6.3 Tradeoff between topic set sizes and pool depths for the adhoc/news task
Our discussions so far covered adhoc/news, adhoc/web and diversity/web tasks, but assumed that the pool depth was a given. In this section, we focus our attention on the adhoc/news task (with \({md}=1000\)), where we have depth100 and depth125 pools (see Table 3), which gives us the option of reducing the pool depth. Hence we can discuss the total assessment cost by multiplying n by the average number of documents that need to be judged per topic for a given pool depth pd.
From the original TREC03new and TREC04new relevance assessments, we created depthpd (\({pd}=100, 90, 70, 50, 30, 10\)) versions of the relevance assessments by filtering out all topicdocument pairs that were not contained in the top pd documents of any run. Using each set of the depthpd relevance assessments, we reevaluated all runs using AP, Q, nDCG and nERR. Then, using these new topicbyrun matrices, new variance estimates were obtained and pooled as described in Sect. 3.4.
Table 8 shows the pooled variance estimates obtained from the depthpd versions of the TREC03new and TREC04new relevance assessments. It also shows the average number of documents judged per topic for each pd. For example, while the original depth125 relevance assessments for TREC03new contain 47,932 topicdocument pairs, its depth100 version has 37,605 pairs across 50 topics; the original TREC04new depth100 relevance assessments have 34,792 pairs across 49 topics. Hence, on average, \((37,605+34,792)/(50+49)=731\) documents are judged per topic when \({pd}=100\). Similarly, \((4905+4581)/(50+49)=96\) documents are judged per topic when \({pd}=10\).
Based on the t testbased method with \((\alpha, \beta, {minD}_{t})=(.05, .20, .10)\), Fig. 2 plots the required number of topics n against the average number of documents judged per topic for different pool depth settings and different evaluation measures. Recall that the results based on the ANOVAbased method with \((\alpha, \beta, {minD}, m)=(.05, 20, .10, 2)\) would look almost identical to this figure. For each pool depth setting, note that the number of topics multiplied by the number of judged documents per topic gives the estimated total assessment cost. Similarly, based on the ANOVAbased method with \((\alpha, \beta, {minD}, m)=(.05, 20, .10, 10)\), Fig. 3 visualises the assessment costs for different pool depth settings. Recall that the results based on the CIbased method with \(\alpha =.05\) would look identical to this figure.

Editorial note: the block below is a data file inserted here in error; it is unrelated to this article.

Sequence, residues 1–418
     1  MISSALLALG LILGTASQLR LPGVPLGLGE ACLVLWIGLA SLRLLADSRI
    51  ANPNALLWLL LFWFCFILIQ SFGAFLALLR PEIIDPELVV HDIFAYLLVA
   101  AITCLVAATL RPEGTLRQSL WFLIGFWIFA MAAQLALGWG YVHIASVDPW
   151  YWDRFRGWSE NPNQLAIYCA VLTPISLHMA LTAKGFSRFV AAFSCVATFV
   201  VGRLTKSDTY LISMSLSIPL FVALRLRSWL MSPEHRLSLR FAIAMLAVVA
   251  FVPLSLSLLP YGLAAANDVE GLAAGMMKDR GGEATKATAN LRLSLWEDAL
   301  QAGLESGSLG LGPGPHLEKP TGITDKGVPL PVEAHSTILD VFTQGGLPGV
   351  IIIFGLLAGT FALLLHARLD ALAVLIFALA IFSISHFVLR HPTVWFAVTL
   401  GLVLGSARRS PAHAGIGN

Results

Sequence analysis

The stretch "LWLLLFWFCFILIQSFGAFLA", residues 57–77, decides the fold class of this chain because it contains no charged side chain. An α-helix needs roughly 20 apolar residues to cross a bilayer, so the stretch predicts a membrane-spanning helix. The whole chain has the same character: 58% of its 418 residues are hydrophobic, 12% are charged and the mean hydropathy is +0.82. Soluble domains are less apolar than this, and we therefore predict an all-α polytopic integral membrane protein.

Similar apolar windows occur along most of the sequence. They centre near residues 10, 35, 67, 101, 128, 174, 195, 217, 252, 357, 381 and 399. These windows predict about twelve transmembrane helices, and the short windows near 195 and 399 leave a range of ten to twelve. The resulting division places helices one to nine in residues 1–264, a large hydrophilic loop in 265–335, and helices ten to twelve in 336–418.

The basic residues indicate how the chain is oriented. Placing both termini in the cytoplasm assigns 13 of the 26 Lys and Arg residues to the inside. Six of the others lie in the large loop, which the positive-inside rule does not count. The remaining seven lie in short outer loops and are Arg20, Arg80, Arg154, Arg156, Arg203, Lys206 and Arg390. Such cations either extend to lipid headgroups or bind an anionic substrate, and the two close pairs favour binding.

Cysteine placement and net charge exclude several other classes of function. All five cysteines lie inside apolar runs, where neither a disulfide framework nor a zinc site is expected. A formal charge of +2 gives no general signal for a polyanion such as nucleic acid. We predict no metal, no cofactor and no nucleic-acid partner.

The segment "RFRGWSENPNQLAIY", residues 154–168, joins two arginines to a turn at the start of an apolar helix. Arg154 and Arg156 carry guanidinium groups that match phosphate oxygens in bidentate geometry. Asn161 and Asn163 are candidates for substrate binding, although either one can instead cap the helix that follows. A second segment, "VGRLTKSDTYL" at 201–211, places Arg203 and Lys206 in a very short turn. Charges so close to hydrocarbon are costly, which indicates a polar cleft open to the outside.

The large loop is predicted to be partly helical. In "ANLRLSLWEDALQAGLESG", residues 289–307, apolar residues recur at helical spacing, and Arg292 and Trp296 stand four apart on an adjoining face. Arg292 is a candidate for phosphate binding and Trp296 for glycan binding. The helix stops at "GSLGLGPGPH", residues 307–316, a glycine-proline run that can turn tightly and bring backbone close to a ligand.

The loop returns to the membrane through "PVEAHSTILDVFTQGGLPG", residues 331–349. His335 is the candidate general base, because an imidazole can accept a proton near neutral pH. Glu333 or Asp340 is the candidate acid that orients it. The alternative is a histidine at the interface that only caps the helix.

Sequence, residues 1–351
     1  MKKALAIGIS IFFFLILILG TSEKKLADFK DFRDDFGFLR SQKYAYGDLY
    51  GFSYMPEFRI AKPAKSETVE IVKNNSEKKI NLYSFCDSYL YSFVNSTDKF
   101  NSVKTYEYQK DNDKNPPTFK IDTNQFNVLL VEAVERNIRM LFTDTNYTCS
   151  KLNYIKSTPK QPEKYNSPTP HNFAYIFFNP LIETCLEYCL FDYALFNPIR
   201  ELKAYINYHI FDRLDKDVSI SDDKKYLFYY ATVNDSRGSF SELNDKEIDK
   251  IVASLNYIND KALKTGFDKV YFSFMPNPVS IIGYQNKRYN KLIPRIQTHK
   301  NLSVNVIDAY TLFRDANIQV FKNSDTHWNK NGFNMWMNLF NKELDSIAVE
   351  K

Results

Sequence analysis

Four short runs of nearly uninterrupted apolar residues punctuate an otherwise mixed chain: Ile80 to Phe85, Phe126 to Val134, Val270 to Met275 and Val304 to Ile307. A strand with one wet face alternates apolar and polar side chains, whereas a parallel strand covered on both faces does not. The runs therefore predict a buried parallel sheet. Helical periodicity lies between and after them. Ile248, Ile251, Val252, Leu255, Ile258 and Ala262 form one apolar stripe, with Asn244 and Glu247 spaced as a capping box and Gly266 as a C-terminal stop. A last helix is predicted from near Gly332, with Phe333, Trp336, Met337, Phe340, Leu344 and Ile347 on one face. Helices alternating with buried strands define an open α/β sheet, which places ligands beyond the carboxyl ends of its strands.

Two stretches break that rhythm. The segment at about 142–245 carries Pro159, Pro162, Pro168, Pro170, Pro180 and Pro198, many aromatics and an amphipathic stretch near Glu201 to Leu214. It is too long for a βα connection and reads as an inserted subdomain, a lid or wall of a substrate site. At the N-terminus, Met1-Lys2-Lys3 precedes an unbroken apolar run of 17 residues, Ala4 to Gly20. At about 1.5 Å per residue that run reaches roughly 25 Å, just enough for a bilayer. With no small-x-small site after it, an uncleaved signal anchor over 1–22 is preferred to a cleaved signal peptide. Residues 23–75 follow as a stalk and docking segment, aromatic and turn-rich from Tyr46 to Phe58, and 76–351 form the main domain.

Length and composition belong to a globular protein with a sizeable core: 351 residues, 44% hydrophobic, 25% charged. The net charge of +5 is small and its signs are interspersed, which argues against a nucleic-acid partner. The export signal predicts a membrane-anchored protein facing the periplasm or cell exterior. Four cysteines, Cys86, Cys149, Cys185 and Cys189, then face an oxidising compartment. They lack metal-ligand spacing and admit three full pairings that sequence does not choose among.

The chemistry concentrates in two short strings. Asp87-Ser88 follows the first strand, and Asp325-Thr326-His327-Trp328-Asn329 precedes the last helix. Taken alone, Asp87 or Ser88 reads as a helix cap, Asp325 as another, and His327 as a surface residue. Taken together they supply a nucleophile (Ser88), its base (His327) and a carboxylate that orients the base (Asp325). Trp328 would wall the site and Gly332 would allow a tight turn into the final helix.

In Fig. 2, the total cost for AP when \({pd}=100\) (i.e., the default of TREC adhoc tasks) is 55,556 documents (visualised as the area of a pink rectangle); if we use the \({pd}=10\) setting instead, the cost goes down to 9,696 documents (visualised as the area of a blue rectangle). That is, while maintaining the statistical reliability of the test collection, the assessment cost can be reduced to \(9,696/55,556=17.5\) %. Similarly, Fig. 3 shows that, if \(m=10\) systems are to be compared, the assessment cost can be reduced to \(18,912/107,457=17.6\) % by letting \({pd}=10\) instead of the usual \({pd}=100\). While it is a wellknown fact that it is better to have many topics with few judgments per topic than to have few topics with many judgments per topic (e.g., Carterette et al. 2008; Carterette and Smucker 2007; Webber et al. 2008b), our methods visualise this in a straightforward manner.
Figures 2 and 3 also show that because nERR is very unstable, it requires about twice as many topics as the other measures regardless of the choice of pd. Since the required number of topics is basically a constant for nERR, it would be a waste of assessment effort to construct a depth100 test collection if the test collection builder plans to use nERR as the primary evaluation measure.^{Footnote 32} Hence, as was discussed earlier, IR test collection builders should probably consider several different evaluation measures at the test collection design phase, take one of the larger variance estimates and plug it into our ANOVA tool, in the hope that the new test collection will meet the set of statistical requirements even for relatively unstable measures. Then, the test collection design (n, pd) can be reexamined and adjusted after each round of the task.